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    Thread: Does Russian/Slavic Tribe Of Molokans Still Live In Armenia?

    1. #1
      Registered User North Pole's Avatar
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      Does Russian/Slavic Tribe Of Molokans Still Live In Armenia?

      Hello, everyone!

      I think a small number of them still live in Fioletovo, Armenia. But how many?
      Does anyone know? Did anyone of the forum members ever meet the Molokans before?

      The very subject of the history of the Molokans is pretty interesting, so I hope there will be an interesting discussion here.

      NP
      From Victory to Victory!

    2. #2
      Registered User North Pole's Avatar
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      Re: Does Russian/Slavic Tribe Of Molokans Still Live In Armenia?

      From Onnik Krikorian:

      Fioletova, Armenia
      Hi,

      I don't have any news or info to add about Molokans in Armenia but I've just returned from Fioletovo and although didn't get many photos taken because of the weather but also, because most of the villagers did not want their photos taken, I thought I'd send them on. You're free to use them for educational and not-for-profit purposes.

      ....

      Cheers,
      Onnik Krikorian

      http://molokane.org/places/FSU/Armen...ian/index.html



      The Molokans (Russian: Молока́не) are a "Biblically-centered" religious movement, among Russian peasants (serfs), who broke away from the Russian Orthodox Church in the 1550s. Molokans denied the Czar's divine right to rule and rejected icons. They also reject the Trinity as outlined by the Nicene Creed, the Orthodox fasts, military service, the eating of unclean foods, and other practices, including water baptism.

      The name "Molokan" was used for the first time in the 1670s, in reference to the people who ignored the 200 fasting days, drinking milk (moloko = "milk" in Russian). Molokans themselves did not completely reject the name—even adding words like "drinking of the spiritual milk of God" (according to I Peter 2:2, "Like newborn babies, crave pure spiritual milk, so that by it you may grow up in your salvation").

      Heretics were punished in Czarist Russia. Beatings, torture, kidnapping, imprisonment, banishment, dismembering, killing, and other forms of punishment were inflicted upon those called "Spiritual Molokans". In the 1800s, the government's policy was to send the heretics away from the center of the country into Caucasus, especially Armenia, Azerbaijan, Ukraine, central Asia, and Siberia. In 1833, there was a reported outpouring of the Holy Spirit upon a number of Molokans in the Transcaucasus region.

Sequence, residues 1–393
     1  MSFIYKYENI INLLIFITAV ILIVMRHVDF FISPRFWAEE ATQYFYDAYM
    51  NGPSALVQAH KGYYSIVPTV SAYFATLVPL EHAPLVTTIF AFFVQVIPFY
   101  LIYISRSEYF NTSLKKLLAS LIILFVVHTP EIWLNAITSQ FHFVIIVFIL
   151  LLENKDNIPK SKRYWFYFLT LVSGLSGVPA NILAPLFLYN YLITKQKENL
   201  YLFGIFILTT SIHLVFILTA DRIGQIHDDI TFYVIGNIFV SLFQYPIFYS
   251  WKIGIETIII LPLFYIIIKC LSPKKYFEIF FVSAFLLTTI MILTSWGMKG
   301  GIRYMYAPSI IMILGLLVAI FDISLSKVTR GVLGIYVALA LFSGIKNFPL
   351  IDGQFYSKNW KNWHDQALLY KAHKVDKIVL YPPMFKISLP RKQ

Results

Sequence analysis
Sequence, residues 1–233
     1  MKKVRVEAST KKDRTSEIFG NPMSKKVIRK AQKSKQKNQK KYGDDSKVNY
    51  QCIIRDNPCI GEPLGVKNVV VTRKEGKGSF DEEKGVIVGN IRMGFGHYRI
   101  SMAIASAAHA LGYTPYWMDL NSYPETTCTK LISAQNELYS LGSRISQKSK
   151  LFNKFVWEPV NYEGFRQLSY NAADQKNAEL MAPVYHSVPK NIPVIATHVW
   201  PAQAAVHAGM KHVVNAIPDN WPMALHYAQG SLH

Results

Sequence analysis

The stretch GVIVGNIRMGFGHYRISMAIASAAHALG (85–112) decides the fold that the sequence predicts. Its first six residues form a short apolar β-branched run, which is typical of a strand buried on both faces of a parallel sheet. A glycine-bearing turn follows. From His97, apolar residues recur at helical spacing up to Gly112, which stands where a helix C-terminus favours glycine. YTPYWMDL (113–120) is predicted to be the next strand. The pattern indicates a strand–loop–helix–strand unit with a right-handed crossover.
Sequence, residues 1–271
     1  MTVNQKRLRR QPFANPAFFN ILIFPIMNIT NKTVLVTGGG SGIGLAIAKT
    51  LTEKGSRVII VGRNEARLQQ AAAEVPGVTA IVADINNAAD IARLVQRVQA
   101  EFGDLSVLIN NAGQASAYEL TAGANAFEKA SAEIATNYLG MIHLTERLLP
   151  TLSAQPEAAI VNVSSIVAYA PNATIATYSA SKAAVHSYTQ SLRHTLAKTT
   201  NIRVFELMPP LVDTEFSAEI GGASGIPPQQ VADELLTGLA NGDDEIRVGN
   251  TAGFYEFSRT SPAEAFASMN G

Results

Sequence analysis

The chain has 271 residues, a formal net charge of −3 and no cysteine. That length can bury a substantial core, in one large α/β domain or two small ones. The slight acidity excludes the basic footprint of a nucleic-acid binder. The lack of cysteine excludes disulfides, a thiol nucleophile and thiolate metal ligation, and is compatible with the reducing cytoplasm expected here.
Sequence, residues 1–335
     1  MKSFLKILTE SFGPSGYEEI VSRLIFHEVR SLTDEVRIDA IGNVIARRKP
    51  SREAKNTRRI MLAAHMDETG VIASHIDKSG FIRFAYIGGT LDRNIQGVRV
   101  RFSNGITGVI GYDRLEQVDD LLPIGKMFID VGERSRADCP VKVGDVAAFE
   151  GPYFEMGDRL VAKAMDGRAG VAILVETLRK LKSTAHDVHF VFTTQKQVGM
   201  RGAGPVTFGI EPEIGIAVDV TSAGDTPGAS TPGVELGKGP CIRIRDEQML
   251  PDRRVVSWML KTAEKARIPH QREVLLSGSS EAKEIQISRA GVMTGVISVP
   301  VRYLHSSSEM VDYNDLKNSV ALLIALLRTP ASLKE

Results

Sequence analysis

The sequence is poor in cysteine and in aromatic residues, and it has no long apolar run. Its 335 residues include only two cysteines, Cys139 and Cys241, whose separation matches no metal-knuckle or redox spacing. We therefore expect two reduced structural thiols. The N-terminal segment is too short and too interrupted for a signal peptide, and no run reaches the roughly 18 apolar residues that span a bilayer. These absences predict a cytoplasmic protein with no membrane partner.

At the end of the 19th century, there were about 500,000 Molokans within the Russia empire. Before World War I there was a well-known colony of Molokans that had been exiled to the Caucasus (an area long within Russian hegemony), mainly to what is now Armenia, Azerbaijan, and eastern Turkey (Kars plain).

      http://en.wikipedia.org/wiki/Molokans


      Pictures from History of Caucasian Molokans and Dukhobors
      by Ivan Iakov. Semyenov, Erevan 2001





      Fioletovo, Armenia



      Home of Maksim Gavrilovich Rudometkin in the village of Fioletovo.




      Molokans in the village of Fioletovo, Armenia



      Graves of the ancestors (village of Fioletovo) [Called domiki, little houses, these have hinged covers to protecct the inscription.]



      Village street



      Future homemakers.

      http://molokane.org/molokan/Location..._Pictures.html

      http://molokane.org


      Expelled from the homeland

      [October 20, 2004]

      "We didn't accept their dirty customs, the commandments of their Church. And so they expelled us," 95-year-old Ivan Nikolayevich tells us the story of the Molokans. The residents of the village of Fioletovo in the Lori Marz hold the customs of their ancestors sacred and follow their religious teachings. Because of these teachings, a number of families from the Tambov region of Russia were expelled by Czarina Catherine the Second more than two centuries ago. God guided them towards the Biblical Mount Ararat. The northern region of Armenia appealed to them; they settled here and established a seven-family community. They built houses, began to work the land, and took root themselves in the foreign land. A commander named Nikitin who was serving in a nearby military unit gave considerable help to the Russians who had been expelled from their homeland. In return, they immortalized him by naming their settlement Nikitin. During the Soviet era, the village was renamed in honor of a revolutionary, Fioletov.

      http://archive.hetq.am/eng/society/0410-ml.html






      http://molokane.org
      Last edited by North Pole; 06-12-2008 at 05:30 PM.
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    3. #3
      The Resurrection Armenian's Avatar